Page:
Wednesday, February 09, 2011

Here We Go Again: Now Fears Over Egyptian WMD

Jim Meyers

With Egypt in turmoil and the Hosni Mubarak regime imperiled, concerns are rising over the Arab world’s most militarily advanced nation’s weapons of mass destruction programs, said to include work with nuclear, chemical and biological technologies.

egypt,nuclear,weapons,wmd,israel,islamists,Documents obtained by NBC News from the United States, Russia and Israel reportedly disclose that Egypt has conducted research on uranium and plutonium processing, helped Saddam Hussein’s Iraq develop its deadly chemical weapons arsenal, and aided North Korea’s missile programs. The research and development has been ongoing for more than three decades, according to the documents and interviews with American officials.

The United States has not taken action to discourage the work due to America’s close relationship with the Egyptian military. But all that could change if Mubarak is ousted and that relationship deteriorates.

If an Islamist regime replaces the Mubarak government, “then all bets are off” as far as Egypt’s pursuit of WMDs, according to James Russell, a former Pentagon official now with the Naval Post-Graduate School in Monterey, Calif.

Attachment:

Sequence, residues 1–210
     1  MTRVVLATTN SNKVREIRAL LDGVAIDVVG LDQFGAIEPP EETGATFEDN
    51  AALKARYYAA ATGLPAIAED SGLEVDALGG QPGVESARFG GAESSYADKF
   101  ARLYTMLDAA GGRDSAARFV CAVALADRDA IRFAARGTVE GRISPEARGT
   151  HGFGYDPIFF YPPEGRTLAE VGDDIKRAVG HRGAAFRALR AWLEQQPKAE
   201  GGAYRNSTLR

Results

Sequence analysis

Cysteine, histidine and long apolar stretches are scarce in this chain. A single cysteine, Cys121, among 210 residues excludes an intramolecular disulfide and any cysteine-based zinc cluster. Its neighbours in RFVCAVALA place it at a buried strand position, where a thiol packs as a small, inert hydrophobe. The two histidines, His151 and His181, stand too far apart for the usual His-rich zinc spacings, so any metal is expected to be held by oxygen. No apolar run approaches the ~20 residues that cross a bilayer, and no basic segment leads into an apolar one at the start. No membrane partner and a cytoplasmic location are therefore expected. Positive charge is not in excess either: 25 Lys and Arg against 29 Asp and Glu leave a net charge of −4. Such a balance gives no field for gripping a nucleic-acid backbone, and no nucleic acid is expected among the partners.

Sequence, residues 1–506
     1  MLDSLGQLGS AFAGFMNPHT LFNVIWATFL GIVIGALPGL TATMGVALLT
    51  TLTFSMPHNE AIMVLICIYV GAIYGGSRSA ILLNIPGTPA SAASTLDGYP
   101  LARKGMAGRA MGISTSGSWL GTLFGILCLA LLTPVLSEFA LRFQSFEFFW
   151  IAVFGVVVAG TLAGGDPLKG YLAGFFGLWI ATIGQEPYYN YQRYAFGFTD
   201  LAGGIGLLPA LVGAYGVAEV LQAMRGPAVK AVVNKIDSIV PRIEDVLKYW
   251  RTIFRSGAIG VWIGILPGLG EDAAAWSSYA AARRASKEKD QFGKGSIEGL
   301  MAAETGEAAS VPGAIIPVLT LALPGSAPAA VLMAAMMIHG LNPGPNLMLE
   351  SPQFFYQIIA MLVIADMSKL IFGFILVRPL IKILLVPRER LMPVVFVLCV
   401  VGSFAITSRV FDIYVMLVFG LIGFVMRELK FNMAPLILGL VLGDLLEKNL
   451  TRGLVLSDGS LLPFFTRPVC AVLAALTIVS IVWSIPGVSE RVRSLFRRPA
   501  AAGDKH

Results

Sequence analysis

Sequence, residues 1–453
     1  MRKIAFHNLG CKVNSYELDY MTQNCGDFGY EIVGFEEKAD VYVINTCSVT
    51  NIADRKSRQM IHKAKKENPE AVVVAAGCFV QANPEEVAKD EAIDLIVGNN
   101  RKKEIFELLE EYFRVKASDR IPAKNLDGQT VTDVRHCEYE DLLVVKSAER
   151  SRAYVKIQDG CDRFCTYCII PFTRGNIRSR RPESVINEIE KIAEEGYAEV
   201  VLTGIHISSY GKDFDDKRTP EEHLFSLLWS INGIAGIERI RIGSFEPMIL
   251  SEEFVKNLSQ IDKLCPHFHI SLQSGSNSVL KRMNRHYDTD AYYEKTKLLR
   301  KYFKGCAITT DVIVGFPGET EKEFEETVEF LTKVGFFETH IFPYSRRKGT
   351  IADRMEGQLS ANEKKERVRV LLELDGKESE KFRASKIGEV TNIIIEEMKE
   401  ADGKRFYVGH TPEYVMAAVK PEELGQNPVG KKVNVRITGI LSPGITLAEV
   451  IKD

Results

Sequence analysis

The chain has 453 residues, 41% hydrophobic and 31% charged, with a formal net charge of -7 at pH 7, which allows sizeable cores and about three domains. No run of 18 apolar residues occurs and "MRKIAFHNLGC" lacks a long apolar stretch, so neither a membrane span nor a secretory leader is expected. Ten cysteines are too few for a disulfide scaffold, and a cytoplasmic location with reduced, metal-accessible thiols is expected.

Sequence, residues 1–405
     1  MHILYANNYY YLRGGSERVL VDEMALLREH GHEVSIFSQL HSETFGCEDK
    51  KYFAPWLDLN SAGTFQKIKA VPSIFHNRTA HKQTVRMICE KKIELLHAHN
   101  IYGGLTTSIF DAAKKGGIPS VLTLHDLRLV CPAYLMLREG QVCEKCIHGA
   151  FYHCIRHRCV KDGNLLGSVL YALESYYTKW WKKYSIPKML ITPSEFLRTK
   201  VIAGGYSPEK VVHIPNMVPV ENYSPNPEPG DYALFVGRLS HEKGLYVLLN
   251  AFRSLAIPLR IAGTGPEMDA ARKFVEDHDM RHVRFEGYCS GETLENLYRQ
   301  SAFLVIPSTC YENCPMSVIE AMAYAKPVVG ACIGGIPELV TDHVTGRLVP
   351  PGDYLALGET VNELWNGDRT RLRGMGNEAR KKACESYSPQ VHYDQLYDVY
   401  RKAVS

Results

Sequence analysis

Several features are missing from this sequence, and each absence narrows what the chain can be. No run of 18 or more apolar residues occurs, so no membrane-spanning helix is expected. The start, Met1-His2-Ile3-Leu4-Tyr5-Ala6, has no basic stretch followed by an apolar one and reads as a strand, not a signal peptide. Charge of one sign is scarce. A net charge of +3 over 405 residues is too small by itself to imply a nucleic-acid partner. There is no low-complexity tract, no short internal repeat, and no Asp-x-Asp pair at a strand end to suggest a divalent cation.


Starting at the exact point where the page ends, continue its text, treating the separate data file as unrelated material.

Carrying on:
Egypt has already hinted that it could withdraw from the Nuclear Non-Proliferation Treaty if nothing is done about Israel and Iran’s nuclear weapons programs, according to NBC News. In that case, Egypt would be under no restraints in developing nuclear technology for weapons.

Egypt’s plutonium research appears to have taken place at least 20 years ago. But its uranium experiments conducted at it two research reactors in the Nile Delta are more recent, according to an International Atomic Energy Agency report.

One fear is that if a new Egyptian regime lost part or all of its American military aid, it could seek to make up for the loss by exporting weapons technology.

According to a 2005 CIA report cited by NBC, after the outbreak of the Iran-Iraq War in 1981, Iraq paid Egypt for assistance in producing sarin munitions. The nerve gas was used to deadly affect by the Iraqis against Kurdish dissidents and Iranian troops.

In the mid-1980s, Egypt secretly aided North Korea’s missile program by shipping at least two of its Soviet-supplied Scud missiles to North Korea for reverse engineering.

“It is this backdrop, and the fact that Egypt still has considerable expertise in missiles and chemical weapons,” NBC concludes, “that has some analysts concerned about the path that a new Egyptian government might take.”

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